PR: I can give you two straight off: one of them is Roy Fisher - who I came across at the age of 19 in Bradford University Social Sciences Library and I read those early poems of his about the demolition of Birmingham just like I was reading my own life. I thought this is what it's like, the mixture of social realism and weird, slightly paranoiac surreal twists...So in my early work there are strands of Roy Fisher everywhere. And I'm very glad recently, co-editing The Thing About Roy Fisher for Liverpool University Press, to have been able to honour this debt. I think I've managed to honour it. I hope so. Then there's an Italian poet that I came across about 1980: he's called Vittorio Sereni, and I translated him with a friend of mine in Italy. Sereni died in 1983, but I did just manage to meet him a couple of times before he died. His work is connected to Roy Fisher's through their both being influenced by William Carlos Williams. He was from Milan and Roy Fisher is from Birmingham: they both write out of these big, complex, but not capital cities. And I worked so hard on Sereni's poems that I could practically say them off by heart. Those two poets, without them I wouldn't be the kind of poet I am. But, interestingly enough, Fisher very rarely writes about his private life, and Sereni writes in a very guarded way about his.

JD: You mentioned Browning before.

PR: Browning, Hardy, Wordsworth...I studied John Donne at A level and I think those three complex stanzas - the Songs and Sonnets - they've got very firmly buried in me. Can't get away from Shakespeare, the Bible, I was brought up in the Church singing 'And did those feet...' and George Herbert.

JD: You come from Bootle?

PR: I was born in Salford. And then after a couple of curacies my father moved to St Andrews, Litherland, and I lived there from age 3 to 9, and then we had five years in Wigan. Then we moved to South Liverpool, Garston, in 1967. He was the Vicar of Garston until he retired. My parents now live just up the road in Mather Avenue. I went to Liverpool College; it had half-fees for the sons of the Clergy. I was in the same class as Simon Rattle...

JD: Is there a reason you don't live in England?

PR: I can't say that I'm an exile exactly. I couldn't get a job. I spent most of the '80s trying to get a job - coming second all the time.... So I ended up doing endless, badly-paid freelance literature and language teaching around Cambridge. So finally after about a decade of struggling, living on the credit card deficit, I got offered a visiting lectureship in Kyoto for a couple of years, talked it over with my wife, and she said: 'Why don't you go over to Japan and earn a bit of money.' It was just amazing suddenly to land up in this baffling place where I didn't have to work so desperately hard, and I used to take these very long hot baths, and for the first time in my life I relaxed about money, because of the regular salary. Then, in the second year, I was invited to take another job. It's just an annual job with a renewable contract, but I've been there for about eight years, and it seems to be going all right. I thought I was going for a break, but I've been there ten years. So I'm not an exile; I'm an economic émigré. That's why I'm abroad. I'd never in my wildest dreams thought I'd live in Japan; I had no interest in the culture, didn't want to learn the language. I like it now - I think there are lots of good things about it. It's a very safe country, very well organised country, a very polite country. But it's where I work.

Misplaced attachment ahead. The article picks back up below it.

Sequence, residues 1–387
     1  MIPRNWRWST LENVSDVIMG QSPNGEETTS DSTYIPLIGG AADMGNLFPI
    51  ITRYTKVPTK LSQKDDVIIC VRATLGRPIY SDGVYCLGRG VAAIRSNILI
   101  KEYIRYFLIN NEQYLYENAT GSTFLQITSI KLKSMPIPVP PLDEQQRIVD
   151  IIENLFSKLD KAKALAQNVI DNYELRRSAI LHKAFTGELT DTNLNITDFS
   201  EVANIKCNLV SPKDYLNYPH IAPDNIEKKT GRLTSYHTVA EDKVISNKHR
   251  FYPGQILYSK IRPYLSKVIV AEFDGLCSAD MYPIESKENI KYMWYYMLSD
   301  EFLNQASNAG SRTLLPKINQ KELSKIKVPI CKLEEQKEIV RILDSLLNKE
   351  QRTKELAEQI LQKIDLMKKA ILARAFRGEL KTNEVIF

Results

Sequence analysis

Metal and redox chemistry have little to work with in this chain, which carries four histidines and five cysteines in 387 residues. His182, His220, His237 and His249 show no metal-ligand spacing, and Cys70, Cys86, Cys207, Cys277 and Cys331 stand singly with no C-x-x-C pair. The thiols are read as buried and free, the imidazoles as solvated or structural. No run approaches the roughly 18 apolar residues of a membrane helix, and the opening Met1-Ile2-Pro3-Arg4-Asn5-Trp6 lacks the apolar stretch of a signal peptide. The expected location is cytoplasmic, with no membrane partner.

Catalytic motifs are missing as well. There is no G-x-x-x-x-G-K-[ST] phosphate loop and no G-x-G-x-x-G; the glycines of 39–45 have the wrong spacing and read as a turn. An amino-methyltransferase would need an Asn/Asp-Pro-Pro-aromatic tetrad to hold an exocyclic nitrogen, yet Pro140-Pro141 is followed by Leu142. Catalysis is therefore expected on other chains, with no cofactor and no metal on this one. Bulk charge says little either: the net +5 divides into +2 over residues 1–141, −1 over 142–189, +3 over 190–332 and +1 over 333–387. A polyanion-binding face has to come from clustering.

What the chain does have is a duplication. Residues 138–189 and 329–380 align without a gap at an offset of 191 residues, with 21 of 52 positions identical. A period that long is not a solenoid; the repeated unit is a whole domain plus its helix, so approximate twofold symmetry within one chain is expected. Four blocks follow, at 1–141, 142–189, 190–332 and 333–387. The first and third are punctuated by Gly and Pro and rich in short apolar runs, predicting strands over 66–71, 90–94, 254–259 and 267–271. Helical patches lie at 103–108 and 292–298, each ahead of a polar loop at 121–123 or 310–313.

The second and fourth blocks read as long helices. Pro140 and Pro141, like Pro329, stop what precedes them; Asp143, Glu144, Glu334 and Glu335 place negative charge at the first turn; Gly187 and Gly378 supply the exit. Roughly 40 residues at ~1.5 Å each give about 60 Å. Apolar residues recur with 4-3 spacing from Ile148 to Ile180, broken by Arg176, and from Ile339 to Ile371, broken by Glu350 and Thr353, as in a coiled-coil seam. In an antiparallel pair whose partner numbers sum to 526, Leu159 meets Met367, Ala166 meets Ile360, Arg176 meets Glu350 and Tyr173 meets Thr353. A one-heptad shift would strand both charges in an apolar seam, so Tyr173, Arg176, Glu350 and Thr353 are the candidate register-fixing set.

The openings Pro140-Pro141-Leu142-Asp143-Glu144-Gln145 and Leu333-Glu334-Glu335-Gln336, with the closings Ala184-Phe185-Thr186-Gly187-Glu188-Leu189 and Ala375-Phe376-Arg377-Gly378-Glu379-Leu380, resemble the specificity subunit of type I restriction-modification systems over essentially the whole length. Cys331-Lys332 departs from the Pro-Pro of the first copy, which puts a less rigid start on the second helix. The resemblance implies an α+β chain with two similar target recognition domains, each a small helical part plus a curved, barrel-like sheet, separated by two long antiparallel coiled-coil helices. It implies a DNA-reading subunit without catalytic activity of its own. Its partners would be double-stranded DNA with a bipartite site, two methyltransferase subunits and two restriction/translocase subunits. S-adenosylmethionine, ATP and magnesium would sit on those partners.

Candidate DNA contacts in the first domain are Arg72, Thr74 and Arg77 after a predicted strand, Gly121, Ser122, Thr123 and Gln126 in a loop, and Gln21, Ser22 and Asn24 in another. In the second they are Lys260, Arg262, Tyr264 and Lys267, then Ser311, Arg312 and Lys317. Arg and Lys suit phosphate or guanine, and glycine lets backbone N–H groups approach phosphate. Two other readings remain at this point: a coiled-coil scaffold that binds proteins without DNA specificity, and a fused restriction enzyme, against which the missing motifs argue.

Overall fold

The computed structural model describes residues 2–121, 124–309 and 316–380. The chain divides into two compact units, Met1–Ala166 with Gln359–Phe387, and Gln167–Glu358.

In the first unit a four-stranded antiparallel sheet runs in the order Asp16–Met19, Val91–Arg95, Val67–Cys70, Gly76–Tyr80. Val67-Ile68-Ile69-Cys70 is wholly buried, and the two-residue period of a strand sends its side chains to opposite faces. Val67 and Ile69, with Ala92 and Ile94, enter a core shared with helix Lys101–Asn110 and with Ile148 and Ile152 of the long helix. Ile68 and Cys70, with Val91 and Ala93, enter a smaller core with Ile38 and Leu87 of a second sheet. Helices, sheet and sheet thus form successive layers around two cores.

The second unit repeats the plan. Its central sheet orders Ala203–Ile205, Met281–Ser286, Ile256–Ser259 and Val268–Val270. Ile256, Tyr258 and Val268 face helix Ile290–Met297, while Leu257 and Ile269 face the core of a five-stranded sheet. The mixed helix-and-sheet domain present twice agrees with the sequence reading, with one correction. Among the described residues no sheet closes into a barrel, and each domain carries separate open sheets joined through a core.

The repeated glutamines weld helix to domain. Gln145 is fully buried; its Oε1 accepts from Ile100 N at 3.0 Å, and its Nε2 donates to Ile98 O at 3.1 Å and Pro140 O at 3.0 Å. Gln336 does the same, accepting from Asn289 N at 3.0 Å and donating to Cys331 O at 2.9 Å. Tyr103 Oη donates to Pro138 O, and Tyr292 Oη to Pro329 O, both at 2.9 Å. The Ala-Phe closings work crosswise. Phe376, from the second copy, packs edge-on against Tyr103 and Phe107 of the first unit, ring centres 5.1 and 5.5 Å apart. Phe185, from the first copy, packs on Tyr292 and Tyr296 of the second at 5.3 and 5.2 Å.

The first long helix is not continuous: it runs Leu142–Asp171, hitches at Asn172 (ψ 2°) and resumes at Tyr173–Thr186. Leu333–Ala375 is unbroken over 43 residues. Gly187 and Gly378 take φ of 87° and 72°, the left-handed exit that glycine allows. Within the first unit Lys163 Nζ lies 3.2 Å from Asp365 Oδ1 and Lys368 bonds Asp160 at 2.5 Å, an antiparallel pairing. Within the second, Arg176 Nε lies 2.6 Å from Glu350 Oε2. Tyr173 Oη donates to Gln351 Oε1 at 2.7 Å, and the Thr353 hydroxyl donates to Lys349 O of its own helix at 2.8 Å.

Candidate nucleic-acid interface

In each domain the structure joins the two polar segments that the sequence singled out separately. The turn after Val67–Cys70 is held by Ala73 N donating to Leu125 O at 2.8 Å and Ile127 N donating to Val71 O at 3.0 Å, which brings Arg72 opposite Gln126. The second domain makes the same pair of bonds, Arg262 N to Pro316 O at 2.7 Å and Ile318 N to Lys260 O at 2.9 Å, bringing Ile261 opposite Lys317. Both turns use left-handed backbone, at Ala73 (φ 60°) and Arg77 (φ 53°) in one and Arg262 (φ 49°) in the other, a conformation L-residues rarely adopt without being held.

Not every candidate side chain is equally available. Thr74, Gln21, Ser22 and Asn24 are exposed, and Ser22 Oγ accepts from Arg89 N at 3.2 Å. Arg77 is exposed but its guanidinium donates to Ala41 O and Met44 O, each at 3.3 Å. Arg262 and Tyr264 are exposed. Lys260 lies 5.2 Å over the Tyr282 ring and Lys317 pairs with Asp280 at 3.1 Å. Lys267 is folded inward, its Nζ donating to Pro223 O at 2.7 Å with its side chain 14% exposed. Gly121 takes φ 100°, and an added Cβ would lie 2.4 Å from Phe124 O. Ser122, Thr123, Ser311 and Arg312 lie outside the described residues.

JD: Have you always written poetry? When did you start?

PR: I was about fifteen or sixteen. It all fits with an oedipal rebellion - one of the first things I ever wrote was a sort of rhyming essay for the RI teacher - rebelling against God and my Dad.

JD: Are you still in rebellion?

PR: No, I don't think so.

JD: Do you have religious beliefs?

PR: Well, I'm a religious sort of person, but I don't think I have the kinds of beliefs you could put into very orthodox positions or even unorthodox positions. I'm not a signed-up Zen Buddhist or anything, but I do think that having been brought up in religion it's very difficult not to have a religious turn of mind.

From a conversation taped on 14 March 2000 in Liverpool.

Published in The Reader no. 8, March 2001.
Included in Talk about Poetry: Conversations on the Art (Exeter: Shearsman Books, 2006).